The Taipei Rapid Transit Corporation (TRTC) has come under fire after floods caused Taipei’s underground railway system (MRT) to close in September 2001for over a month. The Taiwanese government has been forced to foot the US$114M, after it was revealed that the system was not insured against flood damage – even though it lies in a notorious flood-prone basin.

Also criticised was the network’s inadequate flood protection measures. Lee Po-wen, chairman of the TRTC, explained that the MRT’s drainage system was designed to channel rainwater into sump pits, each equipped with three pumps that direct the rainwater through the normal drains and away from the network. However, the rainfall created by the typhoon, Nari, was so severe (1,257mm in 51hrs) that the pumps failed, taking 11 days to completely clear the multi-levelled underground Central Station.

At US$13.6bn, the MRT is thought to be one of the most expensive metros built to date, and critics are angry that it wasn’t properly insured. Po-wen said that the system was based on a 200-year flood standard – even though others are based on 50 years – removing the need to spend US$3M on insurance. Although the Taiwan area suffers on average 18 tropical storms per year, the metro was only insured against pure fire and lightning disaster events.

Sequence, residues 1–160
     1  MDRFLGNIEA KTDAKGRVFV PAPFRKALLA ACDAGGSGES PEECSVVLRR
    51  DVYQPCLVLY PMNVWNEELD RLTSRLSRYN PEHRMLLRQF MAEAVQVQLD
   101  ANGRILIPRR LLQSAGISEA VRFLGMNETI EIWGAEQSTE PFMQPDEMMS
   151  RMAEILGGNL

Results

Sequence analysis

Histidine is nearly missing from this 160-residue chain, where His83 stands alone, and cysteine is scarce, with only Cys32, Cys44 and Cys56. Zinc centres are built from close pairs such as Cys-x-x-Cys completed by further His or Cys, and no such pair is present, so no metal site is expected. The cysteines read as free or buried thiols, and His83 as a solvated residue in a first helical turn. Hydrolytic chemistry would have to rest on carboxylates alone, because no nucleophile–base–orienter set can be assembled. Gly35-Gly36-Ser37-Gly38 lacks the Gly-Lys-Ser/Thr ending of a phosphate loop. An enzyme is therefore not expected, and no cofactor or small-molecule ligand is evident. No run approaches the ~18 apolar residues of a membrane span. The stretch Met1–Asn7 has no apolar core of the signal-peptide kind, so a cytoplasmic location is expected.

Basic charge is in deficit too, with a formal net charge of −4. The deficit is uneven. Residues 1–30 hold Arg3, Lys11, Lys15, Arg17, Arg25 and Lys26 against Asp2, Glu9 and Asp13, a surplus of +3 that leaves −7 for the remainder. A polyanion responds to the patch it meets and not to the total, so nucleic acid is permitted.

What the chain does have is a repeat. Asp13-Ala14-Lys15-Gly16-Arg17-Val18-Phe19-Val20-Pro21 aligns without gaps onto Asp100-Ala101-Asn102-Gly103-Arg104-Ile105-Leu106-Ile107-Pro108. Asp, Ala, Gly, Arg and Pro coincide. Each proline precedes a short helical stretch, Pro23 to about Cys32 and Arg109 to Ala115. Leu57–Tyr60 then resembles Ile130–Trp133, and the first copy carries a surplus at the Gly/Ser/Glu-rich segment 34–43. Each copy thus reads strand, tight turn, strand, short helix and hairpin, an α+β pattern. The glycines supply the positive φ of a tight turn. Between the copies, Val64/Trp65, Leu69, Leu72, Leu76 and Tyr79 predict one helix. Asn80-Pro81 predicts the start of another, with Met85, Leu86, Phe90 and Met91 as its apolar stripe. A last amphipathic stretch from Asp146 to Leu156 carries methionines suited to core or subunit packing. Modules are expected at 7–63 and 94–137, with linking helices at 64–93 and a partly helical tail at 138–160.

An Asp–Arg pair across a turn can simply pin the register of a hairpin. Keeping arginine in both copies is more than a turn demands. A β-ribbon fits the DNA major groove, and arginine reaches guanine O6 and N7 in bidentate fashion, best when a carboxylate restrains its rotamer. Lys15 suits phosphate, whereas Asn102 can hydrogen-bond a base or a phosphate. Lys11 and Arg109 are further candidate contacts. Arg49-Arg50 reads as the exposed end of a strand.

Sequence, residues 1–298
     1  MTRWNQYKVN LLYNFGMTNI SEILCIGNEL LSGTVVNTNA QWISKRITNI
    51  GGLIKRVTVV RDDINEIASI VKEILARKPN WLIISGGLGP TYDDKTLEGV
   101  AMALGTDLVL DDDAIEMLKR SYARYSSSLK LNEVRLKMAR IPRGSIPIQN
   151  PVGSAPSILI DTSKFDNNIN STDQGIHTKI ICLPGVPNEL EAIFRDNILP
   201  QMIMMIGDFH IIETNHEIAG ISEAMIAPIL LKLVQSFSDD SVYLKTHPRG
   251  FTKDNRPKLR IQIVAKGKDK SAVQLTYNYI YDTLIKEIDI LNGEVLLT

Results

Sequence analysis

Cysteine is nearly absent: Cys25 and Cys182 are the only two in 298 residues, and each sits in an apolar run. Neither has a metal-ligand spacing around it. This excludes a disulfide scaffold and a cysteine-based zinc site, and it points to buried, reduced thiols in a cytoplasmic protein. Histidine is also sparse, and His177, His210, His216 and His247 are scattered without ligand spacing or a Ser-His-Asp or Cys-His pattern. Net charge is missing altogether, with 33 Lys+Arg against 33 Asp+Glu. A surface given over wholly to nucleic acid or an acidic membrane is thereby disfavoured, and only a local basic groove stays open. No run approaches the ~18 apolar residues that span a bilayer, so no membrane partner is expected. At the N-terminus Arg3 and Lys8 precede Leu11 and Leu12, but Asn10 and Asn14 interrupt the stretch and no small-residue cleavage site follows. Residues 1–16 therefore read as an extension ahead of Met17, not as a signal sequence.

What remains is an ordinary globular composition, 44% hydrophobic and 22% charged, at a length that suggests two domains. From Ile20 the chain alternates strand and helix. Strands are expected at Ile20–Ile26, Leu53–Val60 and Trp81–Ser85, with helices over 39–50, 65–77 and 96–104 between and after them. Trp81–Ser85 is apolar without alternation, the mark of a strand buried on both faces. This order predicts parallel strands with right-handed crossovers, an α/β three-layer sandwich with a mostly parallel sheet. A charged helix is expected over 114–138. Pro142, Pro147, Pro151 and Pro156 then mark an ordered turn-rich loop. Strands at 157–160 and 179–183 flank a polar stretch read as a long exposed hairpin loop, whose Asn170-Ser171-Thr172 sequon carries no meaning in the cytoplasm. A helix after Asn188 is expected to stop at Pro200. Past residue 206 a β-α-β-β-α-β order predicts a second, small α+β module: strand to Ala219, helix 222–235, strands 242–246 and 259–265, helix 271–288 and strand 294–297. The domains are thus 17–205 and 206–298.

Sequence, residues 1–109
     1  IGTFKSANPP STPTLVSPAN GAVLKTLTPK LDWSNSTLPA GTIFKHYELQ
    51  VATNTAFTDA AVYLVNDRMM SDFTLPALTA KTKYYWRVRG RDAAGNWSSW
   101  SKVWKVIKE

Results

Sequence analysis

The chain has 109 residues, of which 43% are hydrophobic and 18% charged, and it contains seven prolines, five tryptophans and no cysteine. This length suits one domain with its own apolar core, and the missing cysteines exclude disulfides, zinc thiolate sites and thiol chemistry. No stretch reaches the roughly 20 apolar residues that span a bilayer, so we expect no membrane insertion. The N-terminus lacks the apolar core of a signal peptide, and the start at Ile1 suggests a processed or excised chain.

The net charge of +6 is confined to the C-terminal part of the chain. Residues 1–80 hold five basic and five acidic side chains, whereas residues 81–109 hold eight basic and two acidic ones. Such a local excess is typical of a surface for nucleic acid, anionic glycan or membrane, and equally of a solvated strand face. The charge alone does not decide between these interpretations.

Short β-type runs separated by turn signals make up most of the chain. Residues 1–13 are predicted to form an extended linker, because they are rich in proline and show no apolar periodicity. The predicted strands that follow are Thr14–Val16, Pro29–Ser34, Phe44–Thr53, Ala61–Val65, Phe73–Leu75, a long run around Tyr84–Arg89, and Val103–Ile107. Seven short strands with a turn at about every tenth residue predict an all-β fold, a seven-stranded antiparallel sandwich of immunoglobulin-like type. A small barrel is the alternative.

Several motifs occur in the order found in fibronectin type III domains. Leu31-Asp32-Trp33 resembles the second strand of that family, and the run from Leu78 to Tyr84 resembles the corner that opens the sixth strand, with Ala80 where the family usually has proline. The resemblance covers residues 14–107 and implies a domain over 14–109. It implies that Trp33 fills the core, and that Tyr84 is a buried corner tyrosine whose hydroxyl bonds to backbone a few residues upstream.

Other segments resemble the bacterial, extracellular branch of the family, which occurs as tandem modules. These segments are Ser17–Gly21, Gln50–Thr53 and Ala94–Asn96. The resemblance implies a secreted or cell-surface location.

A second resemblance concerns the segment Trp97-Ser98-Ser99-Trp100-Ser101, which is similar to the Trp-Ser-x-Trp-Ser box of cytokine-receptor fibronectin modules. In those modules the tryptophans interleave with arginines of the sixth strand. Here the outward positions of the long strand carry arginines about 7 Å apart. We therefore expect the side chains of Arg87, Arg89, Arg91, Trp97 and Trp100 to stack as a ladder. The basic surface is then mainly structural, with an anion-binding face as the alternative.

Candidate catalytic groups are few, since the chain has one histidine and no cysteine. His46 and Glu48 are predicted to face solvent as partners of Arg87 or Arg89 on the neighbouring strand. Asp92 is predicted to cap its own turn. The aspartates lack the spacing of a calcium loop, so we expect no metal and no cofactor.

To prevent similar future disruptions, the MRT is looking into plans to introduce watertight gates at the system’s tunnel entrances.

Taipei’s metro system is amongst the most comprehensive in Asia and consists of five lines, with four predominantly underground stretching 67km with 59 stations.